Finally there’s the cape, armor, and quiver. They’re all one piece, although the quiver is glued on and could, I suppose, be removed if you were determined.

The “heart” in the center of the armor can be popped out and swapped with a simple red circle, an obvious J.J. Abrams reference (kidding). This is a nice touch for those of us who might think the heart was a bit incongruous on a rebel warrior. Between the vintage toy-based head and the heart, it’s clear Mattel is still committed to giving us full toy-based versions as well as more idealized looks.

The armor is sculpted with divots near the armpits, which I’m guessing was to accommodate his biceps in the “archer” pose. Unfortunately this doesn’t quite work out in practice; the arms still lift the armor off his chest in that pose. It’s possible that with more playing around with it, I could get him in a pose with bow drawn and armor down, but it’s not easy. Anchoring the armor to the front of the torso might have solved the problem, but I’m not sure how that could have been effected.

Plastic & Paint

Bow has some interesting paint apps. As mentioned above, the work on the stache-less head seems more detailed, with a nicer matte tone to the skin. (Don’t judge the heads too harshly by the close-up pics. They’re many times actual size, and if you looked at your own face that closely, you’d find plenty of imperfections, too.) The mustachioed face, on the other hand, seems a little smoother and the details less defined, which actually looks more in line with most MOTUC faces. It’s a bit of a shame I like the stache-less head so much, since I don’t see myself ever displaying him with it.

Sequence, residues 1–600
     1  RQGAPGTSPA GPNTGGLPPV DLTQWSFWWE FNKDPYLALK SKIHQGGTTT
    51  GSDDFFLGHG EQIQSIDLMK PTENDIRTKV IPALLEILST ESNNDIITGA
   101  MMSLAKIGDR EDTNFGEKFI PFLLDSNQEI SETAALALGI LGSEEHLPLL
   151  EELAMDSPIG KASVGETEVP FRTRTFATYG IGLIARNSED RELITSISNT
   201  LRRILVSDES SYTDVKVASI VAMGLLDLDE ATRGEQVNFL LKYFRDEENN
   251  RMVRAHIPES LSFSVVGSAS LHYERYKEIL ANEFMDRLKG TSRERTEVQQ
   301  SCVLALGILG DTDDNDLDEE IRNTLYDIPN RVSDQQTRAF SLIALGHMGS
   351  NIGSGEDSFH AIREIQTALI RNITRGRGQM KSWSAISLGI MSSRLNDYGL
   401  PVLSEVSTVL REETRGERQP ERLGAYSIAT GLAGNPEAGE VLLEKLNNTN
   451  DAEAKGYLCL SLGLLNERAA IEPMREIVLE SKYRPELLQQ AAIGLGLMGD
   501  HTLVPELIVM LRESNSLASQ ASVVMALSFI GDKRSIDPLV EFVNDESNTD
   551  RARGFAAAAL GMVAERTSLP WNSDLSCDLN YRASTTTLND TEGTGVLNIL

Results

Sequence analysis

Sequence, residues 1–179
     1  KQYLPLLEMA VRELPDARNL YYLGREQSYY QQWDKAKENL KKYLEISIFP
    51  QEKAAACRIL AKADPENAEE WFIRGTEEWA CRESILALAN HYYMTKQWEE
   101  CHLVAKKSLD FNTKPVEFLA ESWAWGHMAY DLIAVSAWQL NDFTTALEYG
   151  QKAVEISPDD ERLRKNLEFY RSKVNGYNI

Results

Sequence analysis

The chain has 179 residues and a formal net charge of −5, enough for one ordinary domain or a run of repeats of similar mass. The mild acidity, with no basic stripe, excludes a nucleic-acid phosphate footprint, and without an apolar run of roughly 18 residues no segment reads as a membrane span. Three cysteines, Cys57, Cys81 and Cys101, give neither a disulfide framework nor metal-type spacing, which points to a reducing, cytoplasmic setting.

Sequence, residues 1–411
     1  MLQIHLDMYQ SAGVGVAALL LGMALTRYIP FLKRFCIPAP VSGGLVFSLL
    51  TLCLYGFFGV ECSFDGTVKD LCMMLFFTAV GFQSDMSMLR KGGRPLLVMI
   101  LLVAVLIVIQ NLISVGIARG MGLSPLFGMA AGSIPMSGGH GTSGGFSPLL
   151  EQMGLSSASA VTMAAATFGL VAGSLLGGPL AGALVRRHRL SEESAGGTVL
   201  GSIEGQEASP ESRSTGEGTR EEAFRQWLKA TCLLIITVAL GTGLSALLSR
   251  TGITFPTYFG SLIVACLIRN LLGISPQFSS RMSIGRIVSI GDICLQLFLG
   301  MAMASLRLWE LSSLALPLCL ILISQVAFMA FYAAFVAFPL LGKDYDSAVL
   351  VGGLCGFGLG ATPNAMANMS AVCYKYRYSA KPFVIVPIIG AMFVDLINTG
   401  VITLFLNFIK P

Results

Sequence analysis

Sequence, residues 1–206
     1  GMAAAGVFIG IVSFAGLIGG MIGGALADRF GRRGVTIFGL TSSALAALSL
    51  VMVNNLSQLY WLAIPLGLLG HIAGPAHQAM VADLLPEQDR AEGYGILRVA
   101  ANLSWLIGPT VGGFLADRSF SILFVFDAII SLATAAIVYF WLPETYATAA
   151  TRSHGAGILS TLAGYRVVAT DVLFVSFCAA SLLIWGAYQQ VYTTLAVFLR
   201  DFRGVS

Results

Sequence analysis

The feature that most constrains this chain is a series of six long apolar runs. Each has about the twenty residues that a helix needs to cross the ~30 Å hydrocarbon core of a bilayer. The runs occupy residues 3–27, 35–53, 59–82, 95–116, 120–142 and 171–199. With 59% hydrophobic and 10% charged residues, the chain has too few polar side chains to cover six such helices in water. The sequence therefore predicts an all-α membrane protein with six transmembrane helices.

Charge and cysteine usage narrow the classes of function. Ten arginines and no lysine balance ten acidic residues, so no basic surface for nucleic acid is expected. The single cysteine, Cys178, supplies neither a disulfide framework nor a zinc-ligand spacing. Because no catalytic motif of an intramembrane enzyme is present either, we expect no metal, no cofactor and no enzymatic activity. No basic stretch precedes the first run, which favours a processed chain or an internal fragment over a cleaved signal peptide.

The other really interesting paint work is on the hands. They’re actually painted, rather than simply being molded in flesh tone, and the result both looks better (i.e., they look more like real hands) and worse (because the flesh color doesn’t quite match up with the arms).

The armor is made from a very pliable material. Some armored figures have had harder plastic armor (BA He-Man, Man-At-Arms), and I suspect the softer armor we’ve seen on figures like Bow and  Carnivus is because the cape and armor are one piece, and the cape needs to be fairly pliable.

Articulation

Bow has a ball-jointed neck, ball-and-hinge shoulders and hips, swivels at the biceps, top of the boots, and top of the thighs, and hinges at the abdomen, elbows, knees and ankles. The ankles have some slight “rocker” give, but not as much as we sometimes get.

The real news here are the hands, which are ball-and-hinge to accomodate Bow’s traditional archer stance. The idea is to get the arrow in his hand and line it up with the bow. It’s trickier than you’d think, even with the extra articulation, and while possible the end result still looks a bit awkward. I think the problem is the huge biceps; they limit the amount the right arm can come in toward the chest.

That said, I’m definitely glad they tried it, and I encourage this sort of articulation experimentation in MOTUC.